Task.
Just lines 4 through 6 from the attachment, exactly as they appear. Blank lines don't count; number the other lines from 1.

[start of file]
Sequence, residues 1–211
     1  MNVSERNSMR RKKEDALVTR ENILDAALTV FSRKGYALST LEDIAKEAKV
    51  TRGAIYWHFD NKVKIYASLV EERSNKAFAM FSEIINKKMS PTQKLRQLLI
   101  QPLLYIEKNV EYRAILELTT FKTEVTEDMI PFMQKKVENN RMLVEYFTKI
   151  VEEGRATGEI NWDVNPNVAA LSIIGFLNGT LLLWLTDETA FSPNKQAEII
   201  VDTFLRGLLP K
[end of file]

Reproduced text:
   101  QPLLYIEKNV EYRAILELTT FKTEVTEDMI PFMQKKVENN RMLVEYFTKI
   151  VEEGRATGEI NWDVNPNVAA LSIIGFLNGT LLLWLTDETA FSPNKQAEII
   201  VDTFLRGLLP K